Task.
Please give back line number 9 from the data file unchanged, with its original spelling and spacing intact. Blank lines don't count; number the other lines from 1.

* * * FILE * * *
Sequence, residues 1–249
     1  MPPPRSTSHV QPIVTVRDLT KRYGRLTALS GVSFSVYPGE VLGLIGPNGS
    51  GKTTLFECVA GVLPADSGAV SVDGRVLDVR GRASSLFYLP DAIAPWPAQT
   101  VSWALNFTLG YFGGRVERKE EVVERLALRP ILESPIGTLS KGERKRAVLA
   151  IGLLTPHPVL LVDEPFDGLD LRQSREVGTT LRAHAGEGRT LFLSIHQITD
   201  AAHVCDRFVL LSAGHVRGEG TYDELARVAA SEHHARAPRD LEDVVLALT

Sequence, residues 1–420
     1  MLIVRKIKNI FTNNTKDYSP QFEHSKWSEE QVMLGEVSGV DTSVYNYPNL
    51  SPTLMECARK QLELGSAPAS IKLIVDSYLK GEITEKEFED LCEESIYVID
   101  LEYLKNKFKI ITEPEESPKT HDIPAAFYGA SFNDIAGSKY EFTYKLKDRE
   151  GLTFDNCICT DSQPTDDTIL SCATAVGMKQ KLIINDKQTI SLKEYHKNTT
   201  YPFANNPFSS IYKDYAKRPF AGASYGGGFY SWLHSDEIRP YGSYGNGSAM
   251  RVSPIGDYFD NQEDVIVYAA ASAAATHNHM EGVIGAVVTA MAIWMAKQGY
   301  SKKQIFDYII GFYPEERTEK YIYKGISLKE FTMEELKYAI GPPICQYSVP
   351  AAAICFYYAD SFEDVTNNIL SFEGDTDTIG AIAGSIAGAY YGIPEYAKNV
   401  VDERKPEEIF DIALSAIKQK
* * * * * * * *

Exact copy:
    51  SPTLMECARK QLELGSAPAS IKLIVDSYLK GEITEKEFED LCEESIYVID